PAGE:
The Great Smoky Mountains National Park Quarter represented the first release of the year and the twenty-first release overall for the America the Beautiful Quarters Program. The coins were officially released for general circulation on January 27, 2014.
The reverse design of the coin features a depiction of a historic log cabin found within the park, along with a segment of lush green forest and hawk circling above. The inscriptions read “Great Smoky Mountains”, the state location “Tennessee”, the date “2014”, and the motto “E Pluribus Unum”. The reverse was designed by Chris Costello and engraved by Renata Howard.
As with the other releases of the series, the obverse contains the original restored 1932 portrait of George Washington designed by John Flanagan. The inscriptions read “United States of America”, “Liberty”, “In God We Trust”, and “Quarter Dollar”.
In addition to the circulating versions of the coin struck at the Philadelphia and Denver Mint facilities, the United States Mint also produced numerous collectible versions of the coin. This included coins struck at the San Francisco Mint with a circulation finish, which were offered in bags and rolls, and proof coins, which were included in various annual sets.
The United States Mint also used the same design on five ounce silver bullion and collector coins. The bullion coins were sold through the Mint’s authorized purchaser network, while the collector coins were sold directly to consumers.
About Great Smoky Mountains National Park
It is no secret that National Parks are typically places of great historical and cultural significance, or great visual beauty and diversity. The Great Smoky Mountains National Park is no exception. The mist covered mountains are some of the most lush and green in the entire world. The Smoky Mountains are thought to be the oldest mountains in the country, as scientists to believe their formation began around 300 billion years ago.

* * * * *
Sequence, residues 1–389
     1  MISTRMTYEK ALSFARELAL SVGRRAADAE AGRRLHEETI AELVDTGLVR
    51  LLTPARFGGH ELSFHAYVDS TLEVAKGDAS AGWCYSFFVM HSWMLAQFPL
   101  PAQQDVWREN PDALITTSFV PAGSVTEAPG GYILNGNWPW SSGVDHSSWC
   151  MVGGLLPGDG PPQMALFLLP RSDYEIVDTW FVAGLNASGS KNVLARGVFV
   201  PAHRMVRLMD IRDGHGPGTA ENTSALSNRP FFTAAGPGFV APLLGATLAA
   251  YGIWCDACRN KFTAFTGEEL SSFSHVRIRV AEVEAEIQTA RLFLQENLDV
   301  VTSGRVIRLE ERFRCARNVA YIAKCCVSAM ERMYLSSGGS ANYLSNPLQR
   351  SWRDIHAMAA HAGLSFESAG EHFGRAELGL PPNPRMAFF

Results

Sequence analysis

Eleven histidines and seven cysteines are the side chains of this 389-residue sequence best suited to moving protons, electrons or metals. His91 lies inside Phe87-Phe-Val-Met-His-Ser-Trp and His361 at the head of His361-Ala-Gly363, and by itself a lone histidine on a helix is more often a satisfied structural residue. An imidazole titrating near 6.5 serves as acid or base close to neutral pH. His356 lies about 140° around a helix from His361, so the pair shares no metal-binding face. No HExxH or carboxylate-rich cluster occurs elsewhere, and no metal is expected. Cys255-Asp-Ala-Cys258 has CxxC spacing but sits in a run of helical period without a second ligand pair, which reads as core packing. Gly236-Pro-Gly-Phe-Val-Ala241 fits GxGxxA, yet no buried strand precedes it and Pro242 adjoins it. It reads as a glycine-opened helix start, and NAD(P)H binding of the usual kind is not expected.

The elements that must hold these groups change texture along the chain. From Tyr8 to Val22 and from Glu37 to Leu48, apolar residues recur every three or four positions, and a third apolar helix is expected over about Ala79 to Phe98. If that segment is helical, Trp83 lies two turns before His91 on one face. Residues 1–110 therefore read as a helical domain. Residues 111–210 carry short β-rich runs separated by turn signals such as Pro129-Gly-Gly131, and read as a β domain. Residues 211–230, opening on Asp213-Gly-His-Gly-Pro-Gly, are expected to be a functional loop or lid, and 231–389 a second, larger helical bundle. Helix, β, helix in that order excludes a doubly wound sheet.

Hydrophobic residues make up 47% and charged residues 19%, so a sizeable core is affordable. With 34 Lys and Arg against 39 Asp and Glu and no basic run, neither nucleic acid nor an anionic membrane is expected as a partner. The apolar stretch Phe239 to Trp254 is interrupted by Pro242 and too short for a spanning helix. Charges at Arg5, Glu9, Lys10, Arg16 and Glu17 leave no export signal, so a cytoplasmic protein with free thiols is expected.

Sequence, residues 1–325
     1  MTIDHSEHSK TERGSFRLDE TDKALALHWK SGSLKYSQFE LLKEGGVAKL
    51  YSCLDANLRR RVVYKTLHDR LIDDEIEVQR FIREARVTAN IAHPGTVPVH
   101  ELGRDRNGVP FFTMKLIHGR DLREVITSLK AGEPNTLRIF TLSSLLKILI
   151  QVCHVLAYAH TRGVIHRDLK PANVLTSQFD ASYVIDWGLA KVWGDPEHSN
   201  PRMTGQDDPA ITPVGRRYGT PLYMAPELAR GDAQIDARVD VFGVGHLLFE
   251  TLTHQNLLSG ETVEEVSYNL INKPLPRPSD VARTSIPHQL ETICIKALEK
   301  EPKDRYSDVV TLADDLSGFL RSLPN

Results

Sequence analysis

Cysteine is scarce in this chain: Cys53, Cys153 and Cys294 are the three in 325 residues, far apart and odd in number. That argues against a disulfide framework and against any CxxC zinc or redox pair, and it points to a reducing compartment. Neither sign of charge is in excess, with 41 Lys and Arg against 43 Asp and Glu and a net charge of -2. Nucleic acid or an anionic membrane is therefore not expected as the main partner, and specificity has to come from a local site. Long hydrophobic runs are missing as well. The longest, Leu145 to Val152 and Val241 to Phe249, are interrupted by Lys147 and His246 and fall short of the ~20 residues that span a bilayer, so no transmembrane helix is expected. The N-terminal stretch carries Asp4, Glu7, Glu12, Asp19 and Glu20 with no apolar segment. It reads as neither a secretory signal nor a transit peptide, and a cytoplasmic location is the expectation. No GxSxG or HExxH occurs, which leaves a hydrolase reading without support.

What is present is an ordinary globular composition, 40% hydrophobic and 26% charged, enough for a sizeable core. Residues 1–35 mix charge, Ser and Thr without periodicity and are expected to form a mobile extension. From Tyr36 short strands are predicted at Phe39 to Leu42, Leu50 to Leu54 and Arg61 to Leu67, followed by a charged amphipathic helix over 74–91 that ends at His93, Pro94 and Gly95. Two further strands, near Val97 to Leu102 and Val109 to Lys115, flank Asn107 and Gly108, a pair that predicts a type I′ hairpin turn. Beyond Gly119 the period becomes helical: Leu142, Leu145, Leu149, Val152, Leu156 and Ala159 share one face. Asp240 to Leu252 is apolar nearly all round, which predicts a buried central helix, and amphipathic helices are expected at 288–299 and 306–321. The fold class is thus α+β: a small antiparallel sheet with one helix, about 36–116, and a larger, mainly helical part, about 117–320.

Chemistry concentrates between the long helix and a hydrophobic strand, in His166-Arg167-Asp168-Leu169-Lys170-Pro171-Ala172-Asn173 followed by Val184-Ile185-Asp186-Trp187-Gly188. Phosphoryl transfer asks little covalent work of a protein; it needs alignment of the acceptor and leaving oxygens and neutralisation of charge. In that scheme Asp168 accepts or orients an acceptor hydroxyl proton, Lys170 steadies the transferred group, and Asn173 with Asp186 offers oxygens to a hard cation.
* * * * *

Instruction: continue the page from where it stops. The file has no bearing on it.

Unlike many other mountains ranges, the Great Smokies are situated along a vertical plain, meaning that the animals that lived on their slopes and valleys could migrate north or south depending on the climate changes. Because of its unique geographical orientation, the mountain range is home to an extremely diverse array of species. Researchers estimate that around ninety thousand distinct species of plants and animals make their homes within its borders.
Those who visit Great Smoky Mountains National Park are often surprised at the dense humidity and moisture that often characterize its climate. The forest floor is lush and thick with plant life, while the rivers, trees and soil soak up the moisture that comes from many days of rainfall throughout the year. In addition to being officially recognized as a protected area in 1926, the Great Smoky Mountains National Park has been named an International Biosphere Reserve by the United Nations.